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What Does it Mean to be a Lutheran?

(For a printable pdf version click HERE)


All human beings are born into a sin-filled world where we are separated from our Creator.  Sin not only describes how we fall short from living the way God intended us to live.  Sin also means “separation from God.”

– “for there is no distinction, since all have sinned and fall short of the glory of God.”  – Romans 3:23

The cross symbolizes Jesus’ sacrifice for our sin.  By his death on the cross, he took the sin of the world upon himself and saved us.  Salvation is not something that is earned or deserved.  It is God’s great gift to us through the sacrifice of Jesus.

– “for by grace you have been saved through faith, and this is not your own doing.  It is the gift of God, not the result of works, so that no one may boast.”  – Ephesians 2:8-9

The cross represents the gift that is ours as we receive it in faith and trust in the promise that God gave us.

– “For God so loved the world that he gave his only son that whoever believes in him shall not perish but have eternal life.  God did not send the son into the world to condemn the world, but that the world might be saved through him.” – John 3:16-17

A sacrament is a means by which we receive God’s grace.  According to Martin Luther, sacraments include three basic things:
– a common element (water, bread, wine)
– the word of God which is combined with the common element
– the command of Jesus (do this . . .)
In the Lutheran tradition, there are 2 sacraments:
Holy Baptism
Holy Communion

BAPTISM brings us into life with God through:
Water (common element)
The Word of God (“The one who believes and is baptized will be saved” – Mark 16:16)
The Command of Jesus (“Go therefore and make disciples of all nations, baptizing them in the name of the Father, Son and Holy Spirit.” – Matthew 28:19)

– Forgiveness of sin
– Freedom from death and the devil
– Eternal salvation
– Acceptance into God’s family
– Becoming a “child of God”

HOLY COMMUNION (The Eucharist) renews our life with God, as we receive Jesus Christ in, with and under:
The Bread and Wine (Common Elements), the Word of God (“This is my body . .  this is my blood.” – I Corinthians 11:24-25) and the command of Jesus (“Do this in remembrance of me.” – I Corinthians 11:24-25)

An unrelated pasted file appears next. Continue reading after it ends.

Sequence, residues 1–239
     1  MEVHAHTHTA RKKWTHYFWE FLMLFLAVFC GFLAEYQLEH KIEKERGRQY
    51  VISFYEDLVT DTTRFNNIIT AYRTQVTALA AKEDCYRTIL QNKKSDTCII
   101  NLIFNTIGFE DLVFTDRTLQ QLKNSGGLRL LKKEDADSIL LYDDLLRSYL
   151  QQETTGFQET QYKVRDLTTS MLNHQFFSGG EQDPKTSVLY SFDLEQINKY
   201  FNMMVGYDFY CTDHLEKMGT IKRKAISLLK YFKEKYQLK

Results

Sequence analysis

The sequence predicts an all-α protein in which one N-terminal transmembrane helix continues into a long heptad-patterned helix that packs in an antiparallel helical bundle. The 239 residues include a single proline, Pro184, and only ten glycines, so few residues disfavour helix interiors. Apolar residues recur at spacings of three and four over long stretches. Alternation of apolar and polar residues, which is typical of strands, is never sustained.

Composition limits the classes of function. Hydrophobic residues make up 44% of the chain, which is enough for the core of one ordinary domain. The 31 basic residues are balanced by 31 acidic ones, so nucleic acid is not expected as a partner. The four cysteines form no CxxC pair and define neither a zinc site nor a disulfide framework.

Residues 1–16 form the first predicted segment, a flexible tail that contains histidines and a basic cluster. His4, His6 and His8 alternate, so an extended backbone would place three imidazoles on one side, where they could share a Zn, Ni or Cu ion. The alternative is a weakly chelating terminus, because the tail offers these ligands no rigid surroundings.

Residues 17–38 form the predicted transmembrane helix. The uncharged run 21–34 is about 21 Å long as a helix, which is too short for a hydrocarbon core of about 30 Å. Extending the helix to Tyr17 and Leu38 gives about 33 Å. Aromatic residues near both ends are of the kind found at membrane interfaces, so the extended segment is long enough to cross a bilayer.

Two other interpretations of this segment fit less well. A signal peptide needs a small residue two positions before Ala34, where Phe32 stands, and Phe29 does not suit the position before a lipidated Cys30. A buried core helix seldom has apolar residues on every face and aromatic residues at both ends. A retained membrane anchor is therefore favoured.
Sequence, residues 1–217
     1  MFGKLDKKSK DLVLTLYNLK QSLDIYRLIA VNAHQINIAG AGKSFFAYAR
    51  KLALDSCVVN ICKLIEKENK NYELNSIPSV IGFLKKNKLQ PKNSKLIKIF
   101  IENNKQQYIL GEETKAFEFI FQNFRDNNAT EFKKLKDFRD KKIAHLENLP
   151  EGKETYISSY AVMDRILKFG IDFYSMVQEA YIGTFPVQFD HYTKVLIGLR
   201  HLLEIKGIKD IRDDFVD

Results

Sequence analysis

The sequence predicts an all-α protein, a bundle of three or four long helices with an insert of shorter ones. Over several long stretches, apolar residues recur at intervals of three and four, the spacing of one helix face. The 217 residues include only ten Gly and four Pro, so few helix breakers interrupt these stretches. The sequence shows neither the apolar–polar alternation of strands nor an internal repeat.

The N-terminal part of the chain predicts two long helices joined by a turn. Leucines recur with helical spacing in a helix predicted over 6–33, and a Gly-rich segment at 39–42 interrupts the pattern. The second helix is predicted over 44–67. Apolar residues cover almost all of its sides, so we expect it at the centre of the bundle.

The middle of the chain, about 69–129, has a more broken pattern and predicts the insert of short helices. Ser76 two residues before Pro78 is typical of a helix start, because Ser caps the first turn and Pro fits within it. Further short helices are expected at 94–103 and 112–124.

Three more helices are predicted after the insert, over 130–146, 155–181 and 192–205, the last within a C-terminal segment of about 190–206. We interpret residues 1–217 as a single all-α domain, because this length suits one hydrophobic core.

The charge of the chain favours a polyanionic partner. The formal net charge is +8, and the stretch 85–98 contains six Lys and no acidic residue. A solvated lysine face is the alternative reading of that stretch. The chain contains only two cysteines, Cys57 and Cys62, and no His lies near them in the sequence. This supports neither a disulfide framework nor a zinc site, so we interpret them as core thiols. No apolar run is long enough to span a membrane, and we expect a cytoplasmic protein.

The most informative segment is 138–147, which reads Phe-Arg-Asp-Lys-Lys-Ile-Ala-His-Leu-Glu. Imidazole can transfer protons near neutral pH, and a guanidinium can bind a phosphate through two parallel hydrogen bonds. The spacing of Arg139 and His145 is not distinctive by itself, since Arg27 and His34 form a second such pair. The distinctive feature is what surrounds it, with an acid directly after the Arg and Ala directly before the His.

– forgiveness of sins
– God’s love and grace received
– renewal of my relationship with God
– remembrance of Christ’s sacrifice for me
– participation in the community of faith

The word of God is a living and life-giving word, which empowers us to live our lives as God intended us to live.  It is a written word which comes to us through the Holy Scriptures, written by human beings, but inspired by God.  It is our norm for life and faith.  It is a spoken word that is proclaimed in preaching and in teaching.  It is a holy word in that it comes to the church and to us from God and reveals to us the Good News that Jesus is God’s son and through him we have eternal life.

– “In the beginning was the Word and the Word was with God and the Word was God.” – John 1:1

– “All scripture is inspired by God and is useful for teaching, for reproof, for correction and for training in righteousness, so that everyone who belongs to God may be proficient and equipped for every good work.” – II Timothy 3:16

– “Do not be conformed to this world but be transformed by the renewing of your minds, so that you may discern what is the will of God and what is good, acceptable and perfect.” – Romans 12:2

The confession of a common faith in God the Father, Son and Holy Spirit comes down through the centuries through such statements of belief as the Nicene Creed, the Apostle’s Creed, the Athanasian Creed.

The Nicene Creed was adopted by the church in 325 A.D. and focuses on the unity of God, manifested in three separate but equal persons – Father, Son and Holy Spirit – Creator, Savior and Sanctifier.

The Apostle’s Creed is an earlier expression of this fundamental belief in the Trinity, and is commonly used as part of the sacrament of Holy Baptism.

The Athanasian Creed is a longer and more detailed theological expression of the nature of the Trinity (Father, Son and Holy Spirit) focusing on a description of the qualities of each part of the Trinity.

The Confessions of the Lutheran Church include such writings as the Augsburg Confession (1530), the Formula of Concord, Luther’s Small and Large Catechism.  These historical confessions form the context from which the continuity of faith has been carried on through the centuries.

Confessions and creeds keep us true to the meaning of Scripture and also help in our continuing dialogues with other churches, denominations and religions.

Catholic refers to the one, universal church of Jesus Christ.  We are part of that “catholic” church.  There is diversity within the Christian church, but there is a unity as expressed in the one church of Jesus Christ.

Apostolic refers to being “sent out” as apostles to preach, teach and reach out to others with the Good News of the Gospel.  Just as the early apostles were “sent out” with God’s Good News, so are we “sent out” with that same Good News.

The “evangel” is the Gospel.  By saying that we are an evangelical church, we are saying that we are centered on the Gospel of Jesus Christ.  Our mission is to spread the Gospel to all the world so that all people might be brought into fellowship and unity with God.

Our mission is to constantly reform our lives and our ministry, so that we are not conformed to the culture but are continually transforming the world, the church and ourselves more and more into the image of God.
Our church grew out of the Reformation of the 1500’s, but that reformation continues today as we seek to continually re-form our church as the true “body of Christ.”